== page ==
Common Sense Review
Updated June 2016

Science Journal

Turn your Android into a lab sensor to collect and analyze data
Common Sense Rating 4
Teacher Rating (1 Teacher Review) 4
  • Introductory investigations show students how to use the app.
  • Students can collect data using their Android device.
  • Sensors within the phone let students gather data, such as the amount of light.
  • Data can be stored and analyzed.
  • Students can add notes while they're collecting data.
A free alternative to expensive classroom light, sound, and motion sensors.
Not all students have an Android phone.
Bottom Line
Science Journal does a good job recording real-time motion, sound, and light data using Android phones.
Emily Pohlonski
Common Sense Reviewer
Classroom teacher
Common Sense Rating 4
Engagement Is the product stimulating, entertaining, and engrossing? Will kids want to return? 4

Kids are engaged because they have a choice and an opportunity to figure things out themselves. This is paired with an elegant interface that kids find easy to use.

Pedagogy Is learning content seamlessly baked-in, and do kids build conceptual understanding? Is the product adaptable and empowering? Will skills transfer? 5

Exploration is emphasized over direct instruction. Even the introductory activities encourage students to experiment and determine which of the accelerometers works best when spinning a phone around inside a sock.

Support Does the product take into account learners of varying abilities, skill levels, and learning styles? Does it address both struggling and advanced students? 4

Tips are available while using the app. A support website provides printable introductory activities.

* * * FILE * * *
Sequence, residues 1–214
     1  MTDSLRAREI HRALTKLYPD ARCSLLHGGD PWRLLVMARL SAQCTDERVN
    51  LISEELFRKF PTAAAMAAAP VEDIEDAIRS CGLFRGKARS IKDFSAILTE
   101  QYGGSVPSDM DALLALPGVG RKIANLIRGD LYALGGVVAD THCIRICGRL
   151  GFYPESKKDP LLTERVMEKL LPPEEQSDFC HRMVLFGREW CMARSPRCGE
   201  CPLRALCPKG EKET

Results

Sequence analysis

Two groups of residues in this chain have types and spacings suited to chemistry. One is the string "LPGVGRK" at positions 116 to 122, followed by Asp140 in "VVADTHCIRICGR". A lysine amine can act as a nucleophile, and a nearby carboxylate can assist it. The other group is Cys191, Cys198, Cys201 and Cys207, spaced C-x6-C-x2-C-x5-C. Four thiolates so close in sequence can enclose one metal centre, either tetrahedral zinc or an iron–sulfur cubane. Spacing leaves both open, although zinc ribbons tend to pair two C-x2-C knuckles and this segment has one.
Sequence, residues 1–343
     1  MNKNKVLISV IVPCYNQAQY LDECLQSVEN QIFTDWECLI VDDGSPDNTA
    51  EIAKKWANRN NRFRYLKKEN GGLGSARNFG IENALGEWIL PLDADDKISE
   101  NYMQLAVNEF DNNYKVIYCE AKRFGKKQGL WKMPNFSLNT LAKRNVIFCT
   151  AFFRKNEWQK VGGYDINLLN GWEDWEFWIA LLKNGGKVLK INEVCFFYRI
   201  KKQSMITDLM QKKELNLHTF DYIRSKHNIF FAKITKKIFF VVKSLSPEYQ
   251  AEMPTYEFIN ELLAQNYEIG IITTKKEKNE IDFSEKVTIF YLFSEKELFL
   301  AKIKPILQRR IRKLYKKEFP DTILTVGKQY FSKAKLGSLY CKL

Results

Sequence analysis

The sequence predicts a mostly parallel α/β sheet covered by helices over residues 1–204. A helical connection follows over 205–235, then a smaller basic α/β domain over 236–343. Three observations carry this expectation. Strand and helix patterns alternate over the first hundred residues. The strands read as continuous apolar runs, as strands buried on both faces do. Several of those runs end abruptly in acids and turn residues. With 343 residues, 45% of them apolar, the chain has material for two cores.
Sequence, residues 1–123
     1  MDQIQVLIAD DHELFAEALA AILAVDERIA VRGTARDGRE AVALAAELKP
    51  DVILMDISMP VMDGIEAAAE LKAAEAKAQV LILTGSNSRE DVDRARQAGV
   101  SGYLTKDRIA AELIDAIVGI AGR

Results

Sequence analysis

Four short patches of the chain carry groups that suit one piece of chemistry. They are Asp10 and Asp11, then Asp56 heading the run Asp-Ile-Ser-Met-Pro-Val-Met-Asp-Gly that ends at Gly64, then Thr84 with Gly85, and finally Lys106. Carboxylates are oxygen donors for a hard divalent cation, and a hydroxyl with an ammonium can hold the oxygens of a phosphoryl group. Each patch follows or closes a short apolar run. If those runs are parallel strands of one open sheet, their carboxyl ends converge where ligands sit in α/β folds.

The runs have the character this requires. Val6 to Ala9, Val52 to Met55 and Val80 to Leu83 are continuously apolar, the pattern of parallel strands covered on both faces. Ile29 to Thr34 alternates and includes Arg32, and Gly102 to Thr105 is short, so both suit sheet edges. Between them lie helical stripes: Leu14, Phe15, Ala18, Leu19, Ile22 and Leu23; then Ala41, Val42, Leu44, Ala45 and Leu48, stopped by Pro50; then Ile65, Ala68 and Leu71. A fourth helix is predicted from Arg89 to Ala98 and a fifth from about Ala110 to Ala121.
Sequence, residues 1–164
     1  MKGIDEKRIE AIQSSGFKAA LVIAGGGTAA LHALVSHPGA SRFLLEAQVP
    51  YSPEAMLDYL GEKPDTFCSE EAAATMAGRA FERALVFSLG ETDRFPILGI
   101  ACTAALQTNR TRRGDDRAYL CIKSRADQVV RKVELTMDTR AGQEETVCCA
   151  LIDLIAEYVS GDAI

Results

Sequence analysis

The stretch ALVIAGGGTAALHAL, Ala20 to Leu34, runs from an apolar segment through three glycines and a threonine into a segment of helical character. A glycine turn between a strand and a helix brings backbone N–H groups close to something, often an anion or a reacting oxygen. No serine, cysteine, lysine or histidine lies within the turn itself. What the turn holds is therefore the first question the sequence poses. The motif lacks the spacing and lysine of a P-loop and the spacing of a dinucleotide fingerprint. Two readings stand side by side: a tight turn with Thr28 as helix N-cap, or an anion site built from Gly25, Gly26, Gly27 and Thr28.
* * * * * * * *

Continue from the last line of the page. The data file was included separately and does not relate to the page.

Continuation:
About our ratings and privacy evaluation.
How Can Teachers Use It?

Teachers can use Science Journal to help students design and conduct their own investigations. Use the Getting Started activities on the Making & Science website to familiarize students with the tool. Each one takes only about 15 minutes. 

If it works with your content, have students follow the detailed instructions to design, build, and test their own wind spinners. Otherwise, once students have spent some time playing with the app, encourage them to plan and carry out their own experiments. 

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What's It Like?

Measure sound, light, and more using the sensors in your Android phone. Google refers to the Science Journal app as a pocket science laboratory because it allows students to measure data in real time using a phone. Sensors record ambient light (lux), intensity of sound in decibels (dB), and acceleration of the phone moving in three planes (m/s2). Students can design their own experiments and use Science Journal to collect and annotate data.

Google provides Getting Started activities on their Making & Science website. These activities are printable and will help acclimate students to the different tools available in the Science Journal app. Once the students get started they can build a project and save multiple trials to compare.

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Is It Good For Learning?

Science Journal takes advantage of Android phones, which some students already own, to use as lab sensors. This can be a huge cost savings since similar science sensors range in costs up to $5,000. A similar app, Lab4Physics, does the same thing but works on both Android and Apple devices. Science Journal may be challenging if not enough students in a class have Android phones. One way that Science Journal is a step up from Lab4Physics is that you can record audio observations and take pictures while simultaneously collecting data. This helps students capture their thoughts in the moment but not quite at the level of Playground Physics, which takes video and traces the motion right on top. 

Science Journal lets students take the lead in their science class. At the time of this review their support website, Making & Science, had only one experiment (Wind Spinners), but it exemplifies the Science and Engineering Practices from the Next Generation of Science Standards. Students are challenged to design their own structure and measure how well it spins in the wind. Students are also supported by tips that show up while using the tool. For example, after completing the first trial, students are encouraged to perform multiple trials to look for consistency in data.

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See how teachers are using Science Journal